Jason Puckett With great power comes great bibliography.


ALA session attended: Harnessing the Hive, Social Networks and Libraries

This was a great session -- one of my favorites I attended this year at ALA. As I complained elsewhere, too many of my sessions were at the level of explaining "What is a blog/wiki/etc," when what I really wanted to see were some practical applications for all this stuff. These presentations had that in spades. It was so crowded that I couldn't get a seat where I could see the screen very clearly, so hopefully my notes don't suffer too badly for that.

Matthew Bejune, wikis in libraries study

Social networking sites are proliferating beyond count and and with a huge variety of applications

See Malene Charlotte Larsen: "25 Perspectives on Social Networking": some library applications from her 25 perspectives include group work, learning, collaboration

Wikis in libraries:

He collected examples of library wikis from: LIS literature search, Library Success Wiki, listserv messages from digiref, libref-l, webforlib

Found 35 wikis at the time of his survey, and estimates 50-100% more by now


  • collaboration between libraries, e.g. ALA wiki
  • within the same library/organization
  • between library staff and patrons, breaking the fourth wall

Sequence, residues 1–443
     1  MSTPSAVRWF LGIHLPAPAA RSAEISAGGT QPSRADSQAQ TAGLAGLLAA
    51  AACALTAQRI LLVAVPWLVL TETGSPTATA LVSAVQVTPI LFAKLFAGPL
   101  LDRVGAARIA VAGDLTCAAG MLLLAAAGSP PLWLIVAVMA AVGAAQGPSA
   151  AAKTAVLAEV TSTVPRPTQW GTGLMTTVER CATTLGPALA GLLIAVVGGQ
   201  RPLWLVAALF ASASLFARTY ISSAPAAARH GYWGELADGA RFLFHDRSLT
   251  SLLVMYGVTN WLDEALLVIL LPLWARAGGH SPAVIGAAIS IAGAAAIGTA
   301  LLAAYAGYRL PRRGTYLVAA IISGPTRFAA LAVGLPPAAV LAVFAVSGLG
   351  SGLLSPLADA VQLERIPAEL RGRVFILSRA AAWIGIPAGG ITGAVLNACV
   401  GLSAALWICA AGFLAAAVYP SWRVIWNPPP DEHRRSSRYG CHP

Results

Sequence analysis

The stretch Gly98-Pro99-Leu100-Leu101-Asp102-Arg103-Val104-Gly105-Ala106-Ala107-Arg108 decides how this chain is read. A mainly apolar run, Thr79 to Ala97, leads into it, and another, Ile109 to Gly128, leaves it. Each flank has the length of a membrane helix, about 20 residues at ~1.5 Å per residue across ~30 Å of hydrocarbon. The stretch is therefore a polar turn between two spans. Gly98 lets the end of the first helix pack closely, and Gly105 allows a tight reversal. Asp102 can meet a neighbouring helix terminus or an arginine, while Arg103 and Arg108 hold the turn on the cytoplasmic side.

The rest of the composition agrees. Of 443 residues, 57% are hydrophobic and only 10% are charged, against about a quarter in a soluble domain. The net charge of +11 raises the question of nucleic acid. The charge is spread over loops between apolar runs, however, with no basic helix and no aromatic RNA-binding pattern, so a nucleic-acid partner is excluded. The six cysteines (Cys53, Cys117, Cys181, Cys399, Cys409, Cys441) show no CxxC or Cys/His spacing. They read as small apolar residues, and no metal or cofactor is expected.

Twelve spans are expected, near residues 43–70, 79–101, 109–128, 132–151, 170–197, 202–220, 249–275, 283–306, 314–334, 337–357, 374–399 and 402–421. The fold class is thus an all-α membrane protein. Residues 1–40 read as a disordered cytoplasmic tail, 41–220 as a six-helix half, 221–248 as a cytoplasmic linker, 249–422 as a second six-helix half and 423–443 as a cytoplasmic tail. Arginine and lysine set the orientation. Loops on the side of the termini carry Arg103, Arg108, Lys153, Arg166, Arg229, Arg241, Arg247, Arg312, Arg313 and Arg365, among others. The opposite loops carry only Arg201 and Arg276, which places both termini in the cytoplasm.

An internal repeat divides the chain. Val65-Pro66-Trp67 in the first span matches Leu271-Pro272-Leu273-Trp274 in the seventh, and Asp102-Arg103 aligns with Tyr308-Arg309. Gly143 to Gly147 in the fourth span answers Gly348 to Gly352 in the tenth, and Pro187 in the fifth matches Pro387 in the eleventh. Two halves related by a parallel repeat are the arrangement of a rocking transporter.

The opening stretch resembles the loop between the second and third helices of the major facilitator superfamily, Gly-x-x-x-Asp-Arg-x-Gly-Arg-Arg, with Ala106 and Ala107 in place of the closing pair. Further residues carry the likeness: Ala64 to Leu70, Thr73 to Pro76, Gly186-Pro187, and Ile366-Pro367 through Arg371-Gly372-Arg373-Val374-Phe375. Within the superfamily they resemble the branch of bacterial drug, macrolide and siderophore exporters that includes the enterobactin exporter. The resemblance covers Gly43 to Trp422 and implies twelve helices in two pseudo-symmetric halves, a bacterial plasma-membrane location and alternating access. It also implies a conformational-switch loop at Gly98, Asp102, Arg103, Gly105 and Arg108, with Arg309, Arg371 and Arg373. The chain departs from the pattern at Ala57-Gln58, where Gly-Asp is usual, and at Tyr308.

• between patrons

First two categories of collaboration are most prevalent, accounting for 76% of the total. Bejune predicts that this schema for wikis will hold true for other forms of social networking as well.


Four Questions:

  • Where are examples of staff/patron collaboration, patron-patron collaboration?
  • How might we enable patrons to build and modify info? We are risk-averse and controlling as a profession.
  • How will libraries next use wikis and social networking?
  • When will your library use wikis?

His examples are published at http://librarywikis.pbwiki.com

Please post your examples there: the password is LWcontrib

Meredith Farkas, "Harnessing the Hive in Libraries"

Knowledge Management:

  • All organizations want to make the best use of institutional knowledge
  • all librarians have different areas of interest and expertise
  • our patrons have lots of knowledge that we could capitalize on
  • we are bad at sharing knowledge

How do we keep and share information?

  • one-on-one conversations
  • staff meetings
  • instant messaging, twitter
  • scraps of paper at the reference desk
  • e-mail
  • blogs: good for timely information, not as good for collecting and accessing later on
  • think about how we collect information for the long term

Collecting knowledge from our patrons:

  • Ann Arbor District Library: recommendations amazon-style by stripping identifying data
  • AADL also allows user tagging as supplement to LCSHs
  • Hennepin County public library's reader's advisory site, includes amazon-style reader's lists with user annotation - users doing reader's advisory
  • users can add comments to catalog records - worldcat also has this feature
  • RocWiki, Rochester guide to community. Restaurants, guides, public transportation... a library could create something like this